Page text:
Freedom in Exile: The Autobiography of the Dalai Lama
In this astonishingly frank autobiography, the Dalai Lama reveals the remarkable inner strength that allowed him to master both the mysteries of Tibetan Buddhism and the brutal realities of Chinese Communism.(Amazon)
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The Dalai Lama is just a regular guy!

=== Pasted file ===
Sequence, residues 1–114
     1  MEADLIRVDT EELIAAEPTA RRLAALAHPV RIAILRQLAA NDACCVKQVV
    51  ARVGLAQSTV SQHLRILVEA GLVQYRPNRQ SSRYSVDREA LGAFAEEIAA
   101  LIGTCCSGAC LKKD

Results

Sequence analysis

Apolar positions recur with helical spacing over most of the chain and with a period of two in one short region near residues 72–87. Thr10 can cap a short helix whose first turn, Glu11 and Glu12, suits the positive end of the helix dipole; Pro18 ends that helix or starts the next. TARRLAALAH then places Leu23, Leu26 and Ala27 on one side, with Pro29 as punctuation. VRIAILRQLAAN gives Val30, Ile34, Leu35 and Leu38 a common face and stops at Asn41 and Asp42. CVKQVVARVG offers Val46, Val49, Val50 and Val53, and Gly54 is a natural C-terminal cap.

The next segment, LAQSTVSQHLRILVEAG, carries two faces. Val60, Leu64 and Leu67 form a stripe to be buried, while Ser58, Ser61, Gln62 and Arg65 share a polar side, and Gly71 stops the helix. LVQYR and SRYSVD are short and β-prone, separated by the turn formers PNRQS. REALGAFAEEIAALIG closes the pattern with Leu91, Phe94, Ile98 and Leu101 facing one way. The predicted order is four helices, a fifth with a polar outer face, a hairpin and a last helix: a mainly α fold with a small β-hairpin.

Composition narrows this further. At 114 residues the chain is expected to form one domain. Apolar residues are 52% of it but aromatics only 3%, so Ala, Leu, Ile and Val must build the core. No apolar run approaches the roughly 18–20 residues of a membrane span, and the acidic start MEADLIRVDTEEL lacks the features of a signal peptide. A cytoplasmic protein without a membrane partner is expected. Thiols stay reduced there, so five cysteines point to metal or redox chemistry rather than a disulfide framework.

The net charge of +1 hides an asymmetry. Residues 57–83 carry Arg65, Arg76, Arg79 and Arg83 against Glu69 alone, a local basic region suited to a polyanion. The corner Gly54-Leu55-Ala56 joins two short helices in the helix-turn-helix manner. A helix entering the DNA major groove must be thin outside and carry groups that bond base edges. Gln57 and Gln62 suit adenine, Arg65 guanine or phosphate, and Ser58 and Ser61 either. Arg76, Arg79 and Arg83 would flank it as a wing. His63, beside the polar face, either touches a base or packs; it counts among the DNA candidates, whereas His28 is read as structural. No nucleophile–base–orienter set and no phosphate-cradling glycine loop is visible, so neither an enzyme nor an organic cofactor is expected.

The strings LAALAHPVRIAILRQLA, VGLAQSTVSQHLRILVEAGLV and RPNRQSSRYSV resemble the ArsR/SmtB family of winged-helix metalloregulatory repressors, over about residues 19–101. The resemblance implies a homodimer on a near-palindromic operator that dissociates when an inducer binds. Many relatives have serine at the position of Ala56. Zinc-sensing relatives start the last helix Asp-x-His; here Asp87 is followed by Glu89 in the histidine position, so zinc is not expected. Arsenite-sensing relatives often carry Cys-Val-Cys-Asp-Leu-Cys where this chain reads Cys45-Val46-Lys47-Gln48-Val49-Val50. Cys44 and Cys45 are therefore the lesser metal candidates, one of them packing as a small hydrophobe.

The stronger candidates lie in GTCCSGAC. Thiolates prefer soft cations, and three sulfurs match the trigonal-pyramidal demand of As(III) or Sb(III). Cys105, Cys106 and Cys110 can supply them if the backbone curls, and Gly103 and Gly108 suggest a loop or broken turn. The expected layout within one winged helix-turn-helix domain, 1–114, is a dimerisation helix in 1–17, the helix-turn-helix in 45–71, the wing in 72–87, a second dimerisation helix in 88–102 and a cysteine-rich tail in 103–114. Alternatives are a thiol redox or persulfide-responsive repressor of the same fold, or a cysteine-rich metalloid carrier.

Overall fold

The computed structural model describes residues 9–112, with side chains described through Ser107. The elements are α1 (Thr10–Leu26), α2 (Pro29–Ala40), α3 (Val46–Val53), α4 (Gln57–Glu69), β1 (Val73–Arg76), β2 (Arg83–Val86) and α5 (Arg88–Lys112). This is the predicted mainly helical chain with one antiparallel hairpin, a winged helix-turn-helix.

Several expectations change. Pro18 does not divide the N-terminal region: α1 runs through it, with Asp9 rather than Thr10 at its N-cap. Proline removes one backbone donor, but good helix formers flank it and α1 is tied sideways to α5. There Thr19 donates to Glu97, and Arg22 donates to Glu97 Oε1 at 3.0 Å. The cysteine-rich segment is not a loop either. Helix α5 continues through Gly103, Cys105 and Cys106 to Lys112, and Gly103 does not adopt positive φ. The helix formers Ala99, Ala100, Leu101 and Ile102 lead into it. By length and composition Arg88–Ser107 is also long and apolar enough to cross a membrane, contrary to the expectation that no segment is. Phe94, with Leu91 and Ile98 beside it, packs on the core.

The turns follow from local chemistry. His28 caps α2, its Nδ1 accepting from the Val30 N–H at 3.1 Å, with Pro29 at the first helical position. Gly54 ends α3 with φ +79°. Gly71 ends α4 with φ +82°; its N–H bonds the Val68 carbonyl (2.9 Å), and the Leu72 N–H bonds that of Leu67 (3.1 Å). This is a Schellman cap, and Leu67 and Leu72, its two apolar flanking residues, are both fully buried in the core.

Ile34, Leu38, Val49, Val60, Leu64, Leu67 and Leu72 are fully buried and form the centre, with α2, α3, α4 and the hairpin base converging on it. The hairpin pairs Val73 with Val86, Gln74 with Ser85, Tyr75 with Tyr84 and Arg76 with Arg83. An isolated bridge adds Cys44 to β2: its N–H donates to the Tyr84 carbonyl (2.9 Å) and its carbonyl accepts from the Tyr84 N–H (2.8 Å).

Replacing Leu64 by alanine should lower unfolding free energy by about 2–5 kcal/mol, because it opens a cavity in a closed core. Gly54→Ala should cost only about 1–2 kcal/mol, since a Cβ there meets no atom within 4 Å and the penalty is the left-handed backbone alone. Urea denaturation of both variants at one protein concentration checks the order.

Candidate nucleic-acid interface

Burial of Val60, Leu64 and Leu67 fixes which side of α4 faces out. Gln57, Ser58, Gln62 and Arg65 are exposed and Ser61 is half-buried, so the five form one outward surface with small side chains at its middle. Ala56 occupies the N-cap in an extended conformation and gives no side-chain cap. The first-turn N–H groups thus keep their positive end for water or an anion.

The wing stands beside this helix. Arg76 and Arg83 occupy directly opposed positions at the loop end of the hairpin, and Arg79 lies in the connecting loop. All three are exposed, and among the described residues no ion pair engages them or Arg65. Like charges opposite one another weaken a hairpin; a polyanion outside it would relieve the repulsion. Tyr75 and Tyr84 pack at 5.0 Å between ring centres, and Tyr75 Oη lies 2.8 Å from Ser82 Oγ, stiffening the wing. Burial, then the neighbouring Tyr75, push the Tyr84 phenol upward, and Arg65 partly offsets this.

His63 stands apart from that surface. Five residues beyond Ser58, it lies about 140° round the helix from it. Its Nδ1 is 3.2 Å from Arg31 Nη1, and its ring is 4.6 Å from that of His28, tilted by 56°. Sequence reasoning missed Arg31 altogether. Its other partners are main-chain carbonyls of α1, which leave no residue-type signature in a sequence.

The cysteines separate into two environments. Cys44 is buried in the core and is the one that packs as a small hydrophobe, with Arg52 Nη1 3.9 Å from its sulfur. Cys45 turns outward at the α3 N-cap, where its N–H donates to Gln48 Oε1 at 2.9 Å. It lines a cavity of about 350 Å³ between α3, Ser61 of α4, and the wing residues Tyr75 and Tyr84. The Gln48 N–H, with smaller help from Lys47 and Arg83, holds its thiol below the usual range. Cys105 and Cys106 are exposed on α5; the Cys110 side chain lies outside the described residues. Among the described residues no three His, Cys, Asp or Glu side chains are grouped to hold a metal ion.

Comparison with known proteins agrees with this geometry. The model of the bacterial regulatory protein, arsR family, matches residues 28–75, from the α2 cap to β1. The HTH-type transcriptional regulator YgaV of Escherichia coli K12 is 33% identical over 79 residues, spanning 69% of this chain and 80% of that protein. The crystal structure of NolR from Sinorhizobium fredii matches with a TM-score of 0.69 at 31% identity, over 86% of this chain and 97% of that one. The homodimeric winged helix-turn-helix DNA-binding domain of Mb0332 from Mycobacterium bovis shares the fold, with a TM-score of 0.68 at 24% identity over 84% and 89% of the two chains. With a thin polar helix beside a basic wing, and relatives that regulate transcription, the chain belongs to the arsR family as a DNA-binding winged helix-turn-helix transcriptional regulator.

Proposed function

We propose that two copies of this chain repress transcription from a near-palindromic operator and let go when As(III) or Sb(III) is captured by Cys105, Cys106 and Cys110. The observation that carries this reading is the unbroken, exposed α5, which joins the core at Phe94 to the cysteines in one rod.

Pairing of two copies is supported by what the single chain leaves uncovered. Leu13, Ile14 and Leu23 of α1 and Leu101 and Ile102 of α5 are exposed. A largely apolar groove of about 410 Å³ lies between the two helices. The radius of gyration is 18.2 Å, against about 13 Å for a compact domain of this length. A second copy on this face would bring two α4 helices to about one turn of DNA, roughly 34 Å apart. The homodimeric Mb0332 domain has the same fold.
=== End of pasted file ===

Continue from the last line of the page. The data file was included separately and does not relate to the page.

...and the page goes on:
For those who might be more familiar with the Dalai Lama's more popular works in the west, such as "The Art of Happiness" or "Beyond Religion," this book might offer a new and slightly different angle on who the Dalai Lama is. This autobiography takes the reader through the Dalai Lama's personal memories of childhood into his exile from Tibet. It's remarkable to read and consider that at some time, the Dalai Lama was just another young boy who wanted to play outside and had little interest in political or spiritual leadership. The journey to finally taking the reigns of this responsibility is not an easy one nor a very happy one, but eventually the Dalai Lama is able to come into his own. The Dalai Lama's true feelings about Potola Palace (it's dirty and old and full of old men who only want to talk about scholarly lessons!) remind the reader that as the Dalai Lama himself has put it, he is just an ordinary monk. In many ways, this autobiography humanizes a man that the west has often depicted as nearly god-like and heroic. While he might certainly be an incredibly inspirational and significant spiritual presence, Freedom in Exile is meant to remind us more of how he has grown into the role as you see him today. This book pairs well with the documentary film, The Sun Behind the Clouds, which mirrors some of these sentiments in the modern era of the Dalai Lama's rule.